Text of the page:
A Review of Hank Green’s An Absolutely Remarkable Thing
It’s been a while since this book came out and I only started reading An Absolutely Remarkable Thing now. I had bought it right away on the first day when a copy was available in my local book store in Freiburg. I’ve moved since, but now that its sequel, A Beautifully Foolish Endeavor (- curse you American English spelling), I really had to give this one a go.
You might have gathered from this blog already if you were attentive to it, that I follow Hank Green’s work in more than his books. I’ve been a subscriber to his YouTube channel Vlogbrothers, he runs together with his brother John Green, for more than 7 years by now. And I derive a tremendous amount of enjoyment from his work and the work of his production company Complexly, so I would be lying if this enjoyment wouldn’t colour my views on this book, Hank Green’s debut novel.
My life over the past weeks has been wild. It has been a while since I finished this book, now that I come to writing this review. I’m heavily relying on my notes that I made while reading.
But let’s get to it without much further ado.
An Absolutely Remarkable Thing is an interesting novel, exploring themes mostly around the concept of fame. It’s protagonist April is a young bisexual woman thrust into fame by the appearance of a mysterious robot or sculpture, that appeared in cities all around the world. Somewhere between social media, and cable news punditry, April takes on the task to advocate for the mysterious visitors all the while her personal relationships are thrown into turmoil by her fame, but also her inability to have honest and open conversations with her loved ones.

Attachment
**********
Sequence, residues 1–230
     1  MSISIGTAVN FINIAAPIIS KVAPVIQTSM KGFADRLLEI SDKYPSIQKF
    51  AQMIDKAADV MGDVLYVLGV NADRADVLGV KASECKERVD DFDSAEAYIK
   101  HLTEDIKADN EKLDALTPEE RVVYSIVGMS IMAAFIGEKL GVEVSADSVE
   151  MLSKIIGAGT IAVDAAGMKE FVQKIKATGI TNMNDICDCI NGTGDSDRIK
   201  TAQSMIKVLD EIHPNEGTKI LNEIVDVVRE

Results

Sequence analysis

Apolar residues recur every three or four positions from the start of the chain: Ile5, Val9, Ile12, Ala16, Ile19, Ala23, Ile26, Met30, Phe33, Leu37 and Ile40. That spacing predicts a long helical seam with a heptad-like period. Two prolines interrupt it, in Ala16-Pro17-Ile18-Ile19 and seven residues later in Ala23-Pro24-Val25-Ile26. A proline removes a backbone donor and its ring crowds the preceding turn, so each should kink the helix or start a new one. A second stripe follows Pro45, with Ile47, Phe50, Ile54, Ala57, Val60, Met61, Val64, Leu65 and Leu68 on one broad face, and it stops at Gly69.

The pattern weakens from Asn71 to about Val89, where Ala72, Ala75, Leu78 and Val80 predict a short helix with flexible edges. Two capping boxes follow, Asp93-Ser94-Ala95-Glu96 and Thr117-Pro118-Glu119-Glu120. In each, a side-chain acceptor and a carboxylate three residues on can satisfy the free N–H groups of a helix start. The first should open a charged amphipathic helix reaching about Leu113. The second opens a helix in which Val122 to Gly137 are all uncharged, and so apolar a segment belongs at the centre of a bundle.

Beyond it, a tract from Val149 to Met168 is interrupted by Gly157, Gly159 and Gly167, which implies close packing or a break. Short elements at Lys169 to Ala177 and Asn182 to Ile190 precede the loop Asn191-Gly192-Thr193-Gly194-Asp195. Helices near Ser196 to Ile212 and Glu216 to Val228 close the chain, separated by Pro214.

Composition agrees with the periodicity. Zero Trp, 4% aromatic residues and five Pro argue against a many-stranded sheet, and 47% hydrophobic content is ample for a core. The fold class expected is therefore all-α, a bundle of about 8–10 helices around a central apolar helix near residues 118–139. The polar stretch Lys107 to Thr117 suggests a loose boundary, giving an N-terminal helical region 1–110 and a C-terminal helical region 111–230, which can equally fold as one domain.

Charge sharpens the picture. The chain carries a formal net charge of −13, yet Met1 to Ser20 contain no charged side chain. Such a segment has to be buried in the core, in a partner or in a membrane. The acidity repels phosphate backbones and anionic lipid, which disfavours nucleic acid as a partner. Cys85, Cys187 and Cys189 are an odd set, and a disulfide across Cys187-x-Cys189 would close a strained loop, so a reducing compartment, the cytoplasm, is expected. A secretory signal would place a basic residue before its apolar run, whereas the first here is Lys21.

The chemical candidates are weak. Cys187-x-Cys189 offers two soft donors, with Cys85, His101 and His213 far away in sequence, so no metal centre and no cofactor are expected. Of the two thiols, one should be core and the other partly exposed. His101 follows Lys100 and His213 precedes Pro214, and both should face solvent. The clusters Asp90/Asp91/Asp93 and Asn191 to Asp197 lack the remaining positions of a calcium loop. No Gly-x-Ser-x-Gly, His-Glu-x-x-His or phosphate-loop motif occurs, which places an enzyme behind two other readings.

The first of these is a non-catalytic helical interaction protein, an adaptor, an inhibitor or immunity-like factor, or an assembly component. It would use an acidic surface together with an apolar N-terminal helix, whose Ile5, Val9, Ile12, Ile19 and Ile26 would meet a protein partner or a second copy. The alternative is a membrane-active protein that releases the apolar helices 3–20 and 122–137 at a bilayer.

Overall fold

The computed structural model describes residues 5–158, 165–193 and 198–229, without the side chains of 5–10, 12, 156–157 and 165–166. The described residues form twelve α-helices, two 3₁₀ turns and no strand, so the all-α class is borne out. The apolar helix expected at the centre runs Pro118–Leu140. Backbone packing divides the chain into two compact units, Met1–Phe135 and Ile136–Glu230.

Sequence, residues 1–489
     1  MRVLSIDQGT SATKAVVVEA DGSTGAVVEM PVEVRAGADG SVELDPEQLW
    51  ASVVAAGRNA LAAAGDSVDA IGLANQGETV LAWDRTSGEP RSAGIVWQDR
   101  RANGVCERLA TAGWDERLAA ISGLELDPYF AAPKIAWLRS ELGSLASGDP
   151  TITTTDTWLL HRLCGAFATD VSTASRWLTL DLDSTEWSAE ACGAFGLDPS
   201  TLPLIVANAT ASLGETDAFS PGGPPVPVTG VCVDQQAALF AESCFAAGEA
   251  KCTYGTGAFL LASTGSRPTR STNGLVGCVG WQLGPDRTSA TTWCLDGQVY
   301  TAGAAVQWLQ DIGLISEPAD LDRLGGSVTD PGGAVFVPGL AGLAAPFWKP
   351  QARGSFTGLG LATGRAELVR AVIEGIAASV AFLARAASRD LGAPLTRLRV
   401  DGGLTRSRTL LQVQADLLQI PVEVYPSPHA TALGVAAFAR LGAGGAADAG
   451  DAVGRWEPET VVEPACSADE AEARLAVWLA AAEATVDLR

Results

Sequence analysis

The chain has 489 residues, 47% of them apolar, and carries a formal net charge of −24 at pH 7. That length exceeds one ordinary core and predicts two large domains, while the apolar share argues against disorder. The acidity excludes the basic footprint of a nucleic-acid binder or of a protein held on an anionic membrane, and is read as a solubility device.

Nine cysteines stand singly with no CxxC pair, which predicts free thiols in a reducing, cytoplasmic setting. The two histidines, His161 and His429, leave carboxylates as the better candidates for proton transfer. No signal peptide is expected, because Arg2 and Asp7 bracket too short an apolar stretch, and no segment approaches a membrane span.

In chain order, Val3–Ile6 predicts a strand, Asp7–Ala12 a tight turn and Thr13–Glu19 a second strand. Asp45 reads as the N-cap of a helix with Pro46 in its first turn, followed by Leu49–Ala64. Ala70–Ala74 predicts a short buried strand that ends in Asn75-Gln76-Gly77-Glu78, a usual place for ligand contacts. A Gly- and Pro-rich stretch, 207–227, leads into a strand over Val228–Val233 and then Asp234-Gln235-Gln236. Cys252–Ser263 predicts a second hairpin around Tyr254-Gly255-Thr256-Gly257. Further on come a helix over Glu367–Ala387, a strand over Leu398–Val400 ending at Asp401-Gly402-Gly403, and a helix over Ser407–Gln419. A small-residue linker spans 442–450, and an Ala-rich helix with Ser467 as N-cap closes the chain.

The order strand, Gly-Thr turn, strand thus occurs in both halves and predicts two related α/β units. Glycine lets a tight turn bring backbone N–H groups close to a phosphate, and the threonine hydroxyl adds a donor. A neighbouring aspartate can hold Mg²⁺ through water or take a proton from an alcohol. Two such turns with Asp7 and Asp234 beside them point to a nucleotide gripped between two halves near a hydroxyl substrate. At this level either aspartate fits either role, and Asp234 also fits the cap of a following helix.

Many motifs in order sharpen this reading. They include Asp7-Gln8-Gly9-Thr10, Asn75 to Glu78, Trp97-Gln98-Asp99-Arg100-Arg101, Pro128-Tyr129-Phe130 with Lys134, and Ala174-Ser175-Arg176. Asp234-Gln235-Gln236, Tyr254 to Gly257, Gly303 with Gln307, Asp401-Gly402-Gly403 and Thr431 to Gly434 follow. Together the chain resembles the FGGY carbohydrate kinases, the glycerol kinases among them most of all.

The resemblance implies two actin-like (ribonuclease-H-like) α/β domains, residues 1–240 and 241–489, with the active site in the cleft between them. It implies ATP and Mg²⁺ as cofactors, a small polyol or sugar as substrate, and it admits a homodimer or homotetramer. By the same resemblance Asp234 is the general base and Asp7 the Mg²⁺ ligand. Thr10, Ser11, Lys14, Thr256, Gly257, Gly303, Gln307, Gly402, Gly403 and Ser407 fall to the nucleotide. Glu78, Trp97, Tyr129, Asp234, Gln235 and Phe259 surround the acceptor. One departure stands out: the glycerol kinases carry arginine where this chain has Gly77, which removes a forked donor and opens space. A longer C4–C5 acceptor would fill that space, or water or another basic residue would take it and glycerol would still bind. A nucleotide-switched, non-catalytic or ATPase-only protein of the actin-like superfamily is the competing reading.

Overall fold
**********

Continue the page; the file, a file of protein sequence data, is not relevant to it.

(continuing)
This book was the first book with open LGBTQIA+ representation since I read Ann Leckie’s The Raven Tower in January of this year (2020) and I was glad for it. While passages of this book, namely this sequences about closing closet doors on boobs, made it onto r/menwritingwomen, it nevertheless managed to write characters that made me as a woman with ADHD feel represented.
Hank Green has talked about the fact that he might have ADHD in the past here. And to me, April felt like an honest representation of a young adult with ADHD, even if other reviewers have noted that April just very much feels like an extension of Hank Green himself, which honestly is a fair description, even if I might add that living with ADHD and feeling like Hank Green aren’t exactly opposite ends of the scale, even if Hank Green had a huge amount of privilege in his life.
The appearance of the Carls, as the robot statues are lovingly called, brings up the main conflict of this book around a line of xenophobia versus open-mindedness. This conflict gets addressed in a media war. While humanity collectively is tasked to solve puzzles that appear in synchronised dreams.
My biggest problems with the book I had were honestly the discomfort I experienced from confronting my own interpersonal relationship problems mirrored in how April deals with her girlfriend Maya, and the focus on fame and punditry. I just cared too little about the televised interactions between April May and Peter Petrawicki. The same is true for the veneration the fictional US President of this near-future sci-fi story receives. This is especially true considering the shenanigans of current US politics.
Nevertheless, this was a very quick and enjoyable read, even if I cringed at the inconsiderate behaviour of its protagonist all too often.
This book is a joyously crafted and thrilling sci-fi story imbued with the media conflict of our own time. I would definitely recommend this book to anyone interested in young adult sci-fi stories that value good representation. Even if of course that representation isn’t flawless.
This book definitely isn’t flawless, but it has enough charm and enough will to try to be as good as it can be, that it remains enjoyable throughout despite some cringe-worthy moments, that are honestly as much about myself as they are about the book. I look forward to reading its sequel A Beautifully Foolish Endeavor soon.
My last book review was about the enthralling The Man Who Mistook His Wife for a Hat by Oliver Sacks. My last review of a fiction book was about the wonderful Homegoing by Yaa Gyasi Up next is probably Heinrich Steinfest’s Gewitter über Pluto or East of Eden by John Steinbeck.